France's 3-1 victory against Italy in a friendly on Wednesday night was a game to remember - and not only because Olivier Giroud found the net.
Rather, the 90 minutes will be remembered for the referee stopping play to watch video replays before making a decision – a moment of "football history", said Fifa president Gianni Infantino.
Although the test was apparently offline, "video was used when Italy appealed for a penalty after a perceived handball in the box by defender Layvin Kurzawa," reports the BBC. "Referee Bjorn Kuipers stopped play while TV replays were consulted and it was decided not to award a spot-kick."
Subscribe to The Week
Escape your echo chamber. Get the facts behind the news, plus analysis from multiple perspectives.
Infantino said that the results of the experiment would be made public today. Fifa hopes to have video assistant referees in place by the 2018 World Cup.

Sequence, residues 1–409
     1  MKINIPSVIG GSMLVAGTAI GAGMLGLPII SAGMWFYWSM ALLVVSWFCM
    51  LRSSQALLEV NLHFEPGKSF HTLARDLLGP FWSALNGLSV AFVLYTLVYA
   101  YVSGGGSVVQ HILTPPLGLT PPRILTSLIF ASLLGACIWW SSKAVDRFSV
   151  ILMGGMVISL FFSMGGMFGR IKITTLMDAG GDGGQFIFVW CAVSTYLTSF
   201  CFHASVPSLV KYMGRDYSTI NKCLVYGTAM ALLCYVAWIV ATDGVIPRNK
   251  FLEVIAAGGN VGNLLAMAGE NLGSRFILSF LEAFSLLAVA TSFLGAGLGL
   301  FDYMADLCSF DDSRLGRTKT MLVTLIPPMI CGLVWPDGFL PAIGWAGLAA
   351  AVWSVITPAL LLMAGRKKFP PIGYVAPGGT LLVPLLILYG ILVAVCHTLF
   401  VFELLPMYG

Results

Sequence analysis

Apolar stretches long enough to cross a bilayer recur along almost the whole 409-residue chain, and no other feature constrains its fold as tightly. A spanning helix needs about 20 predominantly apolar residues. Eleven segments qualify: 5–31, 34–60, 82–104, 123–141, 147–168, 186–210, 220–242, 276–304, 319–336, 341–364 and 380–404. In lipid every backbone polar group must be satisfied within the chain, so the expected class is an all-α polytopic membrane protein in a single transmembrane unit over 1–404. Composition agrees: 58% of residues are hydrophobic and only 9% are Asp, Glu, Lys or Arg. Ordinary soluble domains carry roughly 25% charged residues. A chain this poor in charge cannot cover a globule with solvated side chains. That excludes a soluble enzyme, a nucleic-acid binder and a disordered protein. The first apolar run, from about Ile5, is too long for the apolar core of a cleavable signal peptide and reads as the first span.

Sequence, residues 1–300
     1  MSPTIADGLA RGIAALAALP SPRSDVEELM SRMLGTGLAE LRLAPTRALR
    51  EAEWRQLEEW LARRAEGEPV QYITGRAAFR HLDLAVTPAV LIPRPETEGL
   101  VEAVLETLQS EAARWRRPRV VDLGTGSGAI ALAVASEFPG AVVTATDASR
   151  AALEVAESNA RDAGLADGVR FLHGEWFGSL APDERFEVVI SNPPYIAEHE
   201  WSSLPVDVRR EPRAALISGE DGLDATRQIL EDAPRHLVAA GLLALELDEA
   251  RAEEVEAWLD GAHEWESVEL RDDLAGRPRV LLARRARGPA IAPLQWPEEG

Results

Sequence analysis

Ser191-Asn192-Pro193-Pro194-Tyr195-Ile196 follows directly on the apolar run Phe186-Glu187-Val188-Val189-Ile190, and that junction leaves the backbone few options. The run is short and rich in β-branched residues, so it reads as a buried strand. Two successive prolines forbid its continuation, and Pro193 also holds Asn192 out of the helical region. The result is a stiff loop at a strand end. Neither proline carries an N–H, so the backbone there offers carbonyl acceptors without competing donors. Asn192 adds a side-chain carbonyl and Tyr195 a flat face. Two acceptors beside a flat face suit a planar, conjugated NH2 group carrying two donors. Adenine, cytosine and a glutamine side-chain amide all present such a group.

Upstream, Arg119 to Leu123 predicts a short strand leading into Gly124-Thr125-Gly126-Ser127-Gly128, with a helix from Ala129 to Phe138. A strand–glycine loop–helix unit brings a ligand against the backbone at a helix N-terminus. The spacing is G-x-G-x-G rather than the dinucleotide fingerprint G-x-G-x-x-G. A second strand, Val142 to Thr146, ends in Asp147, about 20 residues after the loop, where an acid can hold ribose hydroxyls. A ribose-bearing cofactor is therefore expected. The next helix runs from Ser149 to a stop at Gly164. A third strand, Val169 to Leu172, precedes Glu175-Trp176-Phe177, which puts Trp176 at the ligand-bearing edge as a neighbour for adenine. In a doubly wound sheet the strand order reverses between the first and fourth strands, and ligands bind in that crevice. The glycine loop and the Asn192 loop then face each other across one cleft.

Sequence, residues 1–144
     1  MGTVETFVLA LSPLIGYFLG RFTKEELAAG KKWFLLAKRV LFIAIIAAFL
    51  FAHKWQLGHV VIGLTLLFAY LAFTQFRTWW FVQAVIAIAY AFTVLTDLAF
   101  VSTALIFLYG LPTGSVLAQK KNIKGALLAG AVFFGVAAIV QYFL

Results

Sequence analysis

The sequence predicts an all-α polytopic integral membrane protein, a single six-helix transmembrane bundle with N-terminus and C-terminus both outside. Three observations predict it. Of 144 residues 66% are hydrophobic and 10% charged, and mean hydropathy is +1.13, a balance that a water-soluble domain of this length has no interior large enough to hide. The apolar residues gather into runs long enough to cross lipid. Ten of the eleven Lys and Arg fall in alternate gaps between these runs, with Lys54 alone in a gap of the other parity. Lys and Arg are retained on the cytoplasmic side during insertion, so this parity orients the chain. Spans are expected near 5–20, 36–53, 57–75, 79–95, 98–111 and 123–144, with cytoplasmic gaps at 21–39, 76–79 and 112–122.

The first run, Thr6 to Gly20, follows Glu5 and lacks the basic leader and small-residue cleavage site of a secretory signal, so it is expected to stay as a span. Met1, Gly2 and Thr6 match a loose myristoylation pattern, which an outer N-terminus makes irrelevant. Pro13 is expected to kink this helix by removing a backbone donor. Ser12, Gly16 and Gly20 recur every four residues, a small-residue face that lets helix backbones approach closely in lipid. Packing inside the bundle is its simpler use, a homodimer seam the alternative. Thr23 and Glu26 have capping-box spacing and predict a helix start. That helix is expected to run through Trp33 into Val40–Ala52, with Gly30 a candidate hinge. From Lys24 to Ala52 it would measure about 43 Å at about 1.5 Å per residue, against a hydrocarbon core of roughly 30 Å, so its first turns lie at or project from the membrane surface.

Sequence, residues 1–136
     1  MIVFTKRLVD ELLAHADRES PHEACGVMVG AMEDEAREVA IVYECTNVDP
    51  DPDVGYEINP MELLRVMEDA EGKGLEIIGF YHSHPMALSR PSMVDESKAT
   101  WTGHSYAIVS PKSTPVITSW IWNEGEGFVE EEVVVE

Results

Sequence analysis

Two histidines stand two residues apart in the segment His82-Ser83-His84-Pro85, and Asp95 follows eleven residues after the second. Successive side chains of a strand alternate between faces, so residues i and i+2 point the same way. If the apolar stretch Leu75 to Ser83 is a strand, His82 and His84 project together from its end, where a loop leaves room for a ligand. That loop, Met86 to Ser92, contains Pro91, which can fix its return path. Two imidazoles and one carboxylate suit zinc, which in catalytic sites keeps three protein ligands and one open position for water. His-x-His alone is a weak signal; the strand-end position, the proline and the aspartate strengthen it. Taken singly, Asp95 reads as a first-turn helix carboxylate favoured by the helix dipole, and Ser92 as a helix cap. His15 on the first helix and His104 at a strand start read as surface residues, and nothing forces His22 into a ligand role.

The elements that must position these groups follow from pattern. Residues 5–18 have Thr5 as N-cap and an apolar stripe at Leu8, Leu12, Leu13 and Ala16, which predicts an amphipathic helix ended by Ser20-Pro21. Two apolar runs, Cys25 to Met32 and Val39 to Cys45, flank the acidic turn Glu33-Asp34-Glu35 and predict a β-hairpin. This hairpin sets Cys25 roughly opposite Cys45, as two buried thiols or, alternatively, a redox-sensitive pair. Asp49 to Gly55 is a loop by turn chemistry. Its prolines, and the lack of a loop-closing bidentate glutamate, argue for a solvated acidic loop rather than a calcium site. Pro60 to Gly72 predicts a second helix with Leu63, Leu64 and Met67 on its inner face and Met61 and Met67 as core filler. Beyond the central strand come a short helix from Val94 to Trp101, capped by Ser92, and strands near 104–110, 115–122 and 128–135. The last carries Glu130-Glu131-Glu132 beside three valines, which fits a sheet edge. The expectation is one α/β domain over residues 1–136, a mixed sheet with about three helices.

Trials of video replays are being held in several competitions this season, including the German Bundesliga, Serie A in Italy, Portugal's league and cup and the A-League in Australia.
Using the footage would be restricted to decisions on goals being scored, penalties being awarded, players being sent off and cases of mistaken identity.
At present, technology is used to determine whether a goal has been scored when it is unclear if the ball has crossed the line.
Wednesday's game in Bari not only featured a strike from Giroud and the use of video, but also a goal fashioned by new Manchester United team-mates Paul Pogba and Anthony Martial, with the latter sprinting onto a through ball from the world's most expensive player to open the scoring for France.
Layvin Kurzawa was also on target for France, while Graziano Pelle scored for Italy.
It was not a game new Italy boss Giampiero Ventura will remember with fondness.
"Defender Giorgio Chiellini was to blame for France's opening two goals and 17-year-old goalkeeper Gianluigi Donnarumma marked his international debut by failing to protect his near post to let in a third," reports the Daily Mail.
Create an account with the same email registered to your subscription to unlock access.